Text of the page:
Friday, September 30, 2016

Custody Alert - Linked Accounts

Recently, SEC staff has raised questions during exams regarding the authority granted to Registered Investment Advisors ("Advisors") to transfer funds or securities between customer accounts with the same or a different qualified custodian. Examiners have noted that having authority to transfer funds or securities between same registered accounts without the actual account numbers and receiving account information included in the authorization on file with the custodian may be deemed custody.

Since May 20, 2010, the SEC has stated in Question II.4, that the limited authority to transfer a client's assets between the client's accounts maintained at one or more qualified custodians is not custody, if 1) the client has authorized the Advisor in writing to make such transfers and 2) a copy of that authorization is provided to the qualified custodians, specifying the client accounts maintained with qualified custodians.

We, at AdvisorAssist, maintain that if such authorization is granted, via the client signed custodial account application form, then it should reasonably satisfy these two elements required by the SEC. Advisors may want to keep a copy of such custodial application forms submitted by their clients to demonstrate these elements are satisfied upon request by a regulator.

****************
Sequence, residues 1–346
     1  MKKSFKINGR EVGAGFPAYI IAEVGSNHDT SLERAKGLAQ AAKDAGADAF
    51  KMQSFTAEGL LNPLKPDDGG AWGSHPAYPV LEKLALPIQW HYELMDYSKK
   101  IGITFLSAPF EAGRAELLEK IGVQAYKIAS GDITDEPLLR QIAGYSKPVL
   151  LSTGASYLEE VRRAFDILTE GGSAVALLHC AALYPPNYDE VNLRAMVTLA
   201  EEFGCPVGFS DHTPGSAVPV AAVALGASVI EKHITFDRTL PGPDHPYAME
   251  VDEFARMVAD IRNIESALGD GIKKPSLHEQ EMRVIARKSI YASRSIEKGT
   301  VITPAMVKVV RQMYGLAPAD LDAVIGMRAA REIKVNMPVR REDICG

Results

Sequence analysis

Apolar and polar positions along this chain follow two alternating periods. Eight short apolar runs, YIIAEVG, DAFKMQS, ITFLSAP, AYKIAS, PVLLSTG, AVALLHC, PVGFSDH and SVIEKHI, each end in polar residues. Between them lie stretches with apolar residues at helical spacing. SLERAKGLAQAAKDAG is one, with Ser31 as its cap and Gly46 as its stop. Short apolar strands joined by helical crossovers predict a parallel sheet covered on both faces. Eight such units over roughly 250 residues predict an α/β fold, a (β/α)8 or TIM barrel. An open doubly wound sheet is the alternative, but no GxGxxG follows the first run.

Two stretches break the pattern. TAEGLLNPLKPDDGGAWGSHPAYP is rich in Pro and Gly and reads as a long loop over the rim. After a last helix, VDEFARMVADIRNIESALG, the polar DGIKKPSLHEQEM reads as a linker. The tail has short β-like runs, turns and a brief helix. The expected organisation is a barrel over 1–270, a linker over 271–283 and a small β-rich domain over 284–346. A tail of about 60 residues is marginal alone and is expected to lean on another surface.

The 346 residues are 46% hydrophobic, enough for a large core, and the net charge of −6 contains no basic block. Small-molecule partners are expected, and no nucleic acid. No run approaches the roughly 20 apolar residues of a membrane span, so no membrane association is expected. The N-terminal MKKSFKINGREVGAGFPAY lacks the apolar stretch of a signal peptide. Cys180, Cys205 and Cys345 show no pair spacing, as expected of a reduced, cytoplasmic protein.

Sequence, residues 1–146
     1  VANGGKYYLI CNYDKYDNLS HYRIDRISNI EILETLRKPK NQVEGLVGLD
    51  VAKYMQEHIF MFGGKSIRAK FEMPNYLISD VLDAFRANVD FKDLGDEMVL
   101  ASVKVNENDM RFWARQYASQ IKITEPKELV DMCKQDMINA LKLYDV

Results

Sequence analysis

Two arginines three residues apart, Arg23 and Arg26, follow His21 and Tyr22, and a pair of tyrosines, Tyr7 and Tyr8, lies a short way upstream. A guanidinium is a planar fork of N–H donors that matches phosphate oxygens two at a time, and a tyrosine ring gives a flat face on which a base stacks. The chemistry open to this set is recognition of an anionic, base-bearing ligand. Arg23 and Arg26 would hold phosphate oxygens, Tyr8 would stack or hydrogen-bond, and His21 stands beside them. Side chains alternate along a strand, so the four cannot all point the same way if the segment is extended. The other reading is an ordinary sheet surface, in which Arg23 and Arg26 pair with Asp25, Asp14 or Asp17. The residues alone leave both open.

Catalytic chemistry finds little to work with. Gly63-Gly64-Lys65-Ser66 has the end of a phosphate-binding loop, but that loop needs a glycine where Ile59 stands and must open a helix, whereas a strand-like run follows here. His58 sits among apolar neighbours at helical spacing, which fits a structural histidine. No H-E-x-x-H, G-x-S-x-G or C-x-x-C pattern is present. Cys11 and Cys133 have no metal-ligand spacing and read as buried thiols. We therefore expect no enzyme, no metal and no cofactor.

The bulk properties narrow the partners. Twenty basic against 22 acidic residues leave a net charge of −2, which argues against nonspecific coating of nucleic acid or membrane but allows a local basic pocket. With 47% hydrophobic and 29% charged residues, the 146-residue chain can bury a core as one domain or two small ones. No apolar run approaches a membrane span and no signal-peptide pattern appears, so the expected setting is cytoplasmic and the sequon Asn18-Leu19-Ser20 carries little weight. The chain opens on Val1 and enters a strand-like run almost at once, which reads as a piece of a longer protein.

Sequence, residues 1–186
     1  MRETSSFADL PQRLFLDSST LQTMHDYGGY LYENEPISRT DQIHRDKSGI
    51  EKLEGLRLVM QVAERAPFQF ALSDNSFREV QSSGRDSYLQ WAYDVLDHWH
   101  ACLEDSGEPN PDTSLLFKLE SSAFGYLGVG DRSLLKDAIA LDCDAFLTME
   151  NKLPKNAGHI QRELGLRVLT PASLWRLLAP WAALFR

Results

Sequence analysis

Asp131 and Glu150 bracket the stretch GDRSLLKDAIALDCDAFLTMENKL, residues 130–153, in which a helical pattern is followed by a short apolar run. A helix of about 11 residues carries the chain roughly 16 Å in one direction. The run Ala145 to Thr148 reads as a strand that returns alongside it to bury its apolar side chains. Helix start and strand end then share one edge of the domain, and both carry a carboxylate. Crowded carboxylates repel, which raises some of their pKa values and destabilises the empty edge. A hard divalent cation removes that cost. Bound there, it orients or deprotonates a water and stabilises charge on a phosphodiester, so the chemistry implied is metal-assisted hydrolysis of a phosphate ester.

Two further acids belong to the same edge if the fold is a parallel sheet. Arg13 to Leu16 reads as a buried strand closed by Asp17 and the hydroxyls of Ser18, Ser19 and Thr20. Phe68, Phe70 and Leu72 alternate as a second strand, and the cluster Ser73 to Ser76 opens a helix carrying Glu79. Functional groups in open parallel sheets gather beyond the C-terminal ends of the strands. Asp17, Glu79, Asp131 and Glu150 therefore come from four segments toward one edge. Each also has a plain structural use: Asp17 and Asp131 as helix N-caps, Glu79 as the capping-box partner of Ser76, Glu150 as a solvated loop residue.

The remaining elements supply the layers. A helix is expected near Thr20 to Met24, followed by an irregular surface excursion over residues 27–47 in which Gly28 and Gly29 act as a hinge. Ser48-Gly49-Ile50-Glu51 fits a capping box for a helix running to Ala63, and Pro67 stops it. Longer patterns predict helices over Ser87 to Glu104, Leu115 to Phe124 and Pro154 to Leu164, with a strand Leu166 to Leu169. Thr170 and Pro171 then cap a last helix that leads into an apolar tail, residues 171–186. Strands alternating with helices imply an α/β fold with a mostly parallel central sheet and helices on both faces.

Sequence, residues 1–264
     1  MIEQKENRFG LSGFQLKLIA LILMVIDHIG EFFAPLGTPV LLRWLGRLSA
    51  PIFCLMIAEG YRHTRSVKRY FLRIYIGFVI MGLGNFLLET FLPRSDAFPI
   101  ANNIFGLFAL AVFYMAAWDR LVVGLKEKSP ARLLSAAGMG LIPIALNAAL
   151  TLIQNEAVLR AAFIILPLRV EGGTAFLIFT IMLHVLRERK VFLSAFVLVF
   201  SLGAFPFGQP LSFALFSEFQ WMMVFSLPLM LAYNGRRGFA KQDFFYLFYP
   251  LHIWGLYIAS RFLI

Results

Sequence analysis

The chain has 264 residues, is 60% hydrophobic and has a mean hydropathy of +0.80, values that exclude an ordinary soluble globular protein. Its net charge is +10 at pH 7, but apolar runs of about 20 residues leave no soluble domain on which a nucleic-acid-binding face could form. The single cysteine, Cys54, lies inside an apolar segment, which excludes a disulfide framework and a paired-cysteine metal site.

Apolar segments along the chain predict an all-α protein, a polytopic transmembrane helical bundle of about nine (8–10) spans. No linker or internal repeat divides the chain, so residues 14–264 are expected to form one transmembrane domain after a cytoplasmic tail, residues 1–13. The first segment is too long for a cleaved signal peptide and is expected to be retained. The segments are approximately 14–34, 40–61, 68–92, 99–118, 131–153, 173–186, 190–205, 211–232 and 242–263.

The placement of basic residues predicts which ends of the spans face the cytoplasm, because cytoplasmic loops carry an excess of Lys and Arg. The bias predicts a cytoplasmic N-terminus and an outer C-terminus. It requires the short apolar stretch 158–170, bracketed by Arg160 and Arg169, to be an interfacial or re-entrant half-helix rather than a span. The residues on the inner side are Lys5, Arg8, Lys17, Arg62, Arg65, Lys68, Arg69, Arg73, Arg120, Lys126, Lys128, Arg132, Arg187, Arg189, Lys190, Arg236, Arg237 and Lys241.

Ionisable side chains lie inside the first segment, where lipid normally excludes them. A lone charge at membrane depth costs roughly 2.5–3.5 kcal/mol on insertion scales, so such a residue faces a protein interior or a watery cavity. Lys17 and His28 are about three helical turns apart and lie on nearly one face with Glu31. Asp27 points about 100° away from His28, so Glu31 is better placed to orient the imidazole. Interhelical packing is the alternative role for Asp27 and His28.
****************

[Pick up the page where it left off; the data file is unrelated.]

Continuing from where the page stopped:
To avoid this deficiency at your firm AdvisorAssist recommends the following best practices:

  • Reviewing your client custodial account forms to understand what custody implications they can create on your firm.
  • To avoid custody, ALWAYS get written instructions from the client and validate both accounts for custody, cybersecurity, fraud, etc.
  • If a recurring movement, review the instruction and accounts initially and then review through periodic sampling.
  • An Advisor should never initiate a transfer without having documentation of the authorization to make such instructions in your books and records.
  • Maintain the transfer documentation in your books and records for the typical books and records duration, five fiscal years at the end of the year the instruction was made.

Contributors:
Brendan Furey
Michael Conlon